New Zealand Road Map
Robin quickly became an advisor and mentor to other Central Otago grape growers, many of whom had little formal training in viticulture. By 2000 he was managing fourteen vineyards of various sizes and advising on five others as well as consulting when the opportunities arose. In his spare time he started teaching a viticulture course at the polytechnic in Cromwell from 1992 and continued doing this into the twenty-first century. Members of the Central Otago winegrowing community, such as Steve Green of Carrick, who took the polytechnic course attest to its influence on both their own practices and maintaining the close personal relationships that are a feature of the community of Central Otago winegrowers.
When Robin Dicey came to Central Otago he rethought his whole approach to trellising vines. Identifying frost as the primary environmental problem on their flattish Felton Road site, his solution was to get the canopy and fruit higher off the ground because at screen height air temperature is up to 2.5°C higher than at ground level. To take advantage of this temperature gradient he configured his trellises with a single high wire with the foliage sprawling downwards from this wire. Pinot Noir has this recumbent tendency naturally. Robin admits that his thinking was influenced by his distaste for cane pruning: ‘I’ll do anything to avoid cane pruning. I hate it, it’s so damned expensive. So he settled for a ‘high wire system, unsupported foliage, just flopping foliage, spur pruned’.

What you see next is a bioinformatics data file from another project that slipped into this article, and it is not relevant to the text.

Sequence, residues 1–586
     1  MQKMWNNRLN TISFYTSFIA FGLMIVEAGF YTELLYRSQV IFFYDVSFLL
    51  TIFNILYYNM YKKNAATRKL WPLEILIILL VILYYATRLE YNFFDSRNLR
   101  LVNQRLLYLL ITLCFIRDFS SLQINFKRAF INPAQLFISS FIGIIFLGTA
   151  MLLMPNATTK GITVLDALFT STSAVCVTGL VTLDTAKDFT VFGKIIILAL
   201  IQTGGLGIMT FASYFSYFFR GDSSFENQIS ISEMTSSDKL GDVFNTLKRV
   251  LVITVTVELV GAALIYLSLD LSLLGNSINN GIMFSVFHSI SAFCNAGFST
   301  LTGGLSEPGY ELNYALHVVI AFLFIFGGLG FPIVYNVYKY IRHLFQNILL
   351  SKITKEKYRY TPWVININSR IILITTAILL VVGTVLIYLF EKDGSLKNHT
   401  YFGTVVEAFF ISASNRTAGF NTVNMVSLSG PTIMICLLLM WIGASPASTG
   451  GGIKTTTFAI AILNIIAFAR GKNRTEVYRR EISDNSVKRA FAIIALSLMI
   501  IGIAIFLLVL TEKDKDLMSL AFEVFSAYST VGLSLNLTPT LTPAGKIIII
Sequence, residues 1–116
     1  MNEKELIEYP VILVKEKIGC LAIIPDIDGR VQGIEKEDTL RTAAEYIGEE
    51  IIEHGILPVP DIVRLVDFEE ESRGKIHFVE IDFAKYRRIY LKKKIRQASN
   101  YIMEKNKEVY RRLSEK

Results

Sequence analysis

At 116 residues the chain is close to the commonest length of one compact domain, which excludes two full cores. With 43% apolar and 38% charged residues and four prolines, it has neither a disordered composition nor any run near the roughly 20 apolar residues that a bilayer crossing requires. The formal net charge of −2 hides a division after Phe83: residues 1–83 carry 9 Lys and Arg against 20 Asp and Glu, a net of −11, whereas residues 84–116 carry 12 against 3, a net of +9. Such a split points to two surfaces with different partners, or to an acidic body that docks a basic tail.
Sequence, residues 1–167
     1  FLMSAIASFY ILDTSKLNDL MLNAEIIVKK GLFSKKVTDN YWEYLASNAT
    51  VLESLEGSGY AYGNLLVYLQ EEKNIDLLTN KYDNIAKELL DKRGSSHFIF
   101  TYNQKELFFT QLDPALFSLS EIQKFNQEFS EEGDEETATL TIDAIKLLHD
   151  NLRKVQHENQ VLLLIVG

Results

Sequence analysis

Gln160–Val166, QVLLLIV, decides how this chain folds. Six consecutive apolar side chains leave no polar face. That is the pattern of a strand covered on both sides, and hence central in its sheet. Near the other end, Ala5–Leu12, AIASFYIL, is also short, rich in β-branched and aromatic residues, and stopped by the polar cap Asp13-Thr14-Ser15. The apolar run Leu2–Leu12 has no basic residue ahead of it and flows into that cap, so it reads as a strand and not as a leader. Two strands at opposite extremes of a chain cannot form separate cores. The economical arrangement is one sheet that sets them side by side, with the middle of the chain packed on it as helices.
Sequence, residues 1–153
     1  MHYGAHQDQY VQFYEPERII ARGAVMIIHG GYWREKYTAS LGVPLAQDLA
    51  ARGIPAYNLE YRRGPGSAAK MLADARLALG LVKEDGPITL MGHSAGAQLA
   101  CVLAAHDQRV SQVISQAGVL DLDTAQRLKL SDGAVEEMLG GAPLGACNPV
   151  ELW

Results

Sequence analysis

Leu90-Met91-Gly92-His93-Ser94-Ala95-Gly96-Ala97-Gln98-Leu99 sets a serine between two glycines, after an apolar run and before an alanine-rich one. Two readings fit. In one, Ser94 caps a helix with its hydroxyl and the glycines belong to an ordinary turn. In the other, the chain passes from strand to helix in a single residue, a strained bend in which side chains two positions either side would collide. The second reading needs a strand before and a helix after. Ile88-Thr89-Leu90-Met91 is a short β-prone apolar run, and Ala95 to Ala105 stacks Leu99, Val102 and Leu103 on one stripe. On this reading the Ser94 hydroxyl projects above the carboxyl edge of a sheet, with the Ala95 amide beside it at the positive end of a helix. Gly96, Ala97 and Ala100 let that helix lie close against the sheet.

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After assessing the performance of different varieties on their Felton Road property he also reduced the area planted in Chardonnay on the basis of his North Island experience:
Gisborne does it as well or better than we do. They can crop at a higher level than we can. With our lower tonnage and ripening ability, we shouldn’t be stuffing around with it. And there’s no great difficulty in making a good Chardonnay – you can do it in any grape-growing region in New Zealand.
Other growers had a similar view. As a proportion of the Central Otago vineyard, Chardonnay dropped from 22 per cent in 2000 to 4 per cent in 2010. Pinot Gris at 9 per cent and Riesling at 4 per cent have replaced it as the premium white varieties in the region.
Robin favours a low density of vines per hectare with 3 metres between rows and 2 metres between vines within each row. This spacing reduces the number of passes with the tractor when spraying or cultivating. Such reasoning makes sense when he explains that they have adopted Geneva Double Curtain trellising. In this system the canopy is split to both sides of the vertical trellis. Such a configuration fits with the spur pruning and flopping canopy that he advocates:
And the second thing was I’m of the opinion that we have enough power and enough guts in these soils to actually split the canopy on a Geneva Double Curtain and that’s why they’re so wide With a 3-metre-wide row and GDC, you effectively end up with a 1.5-metre-wide row.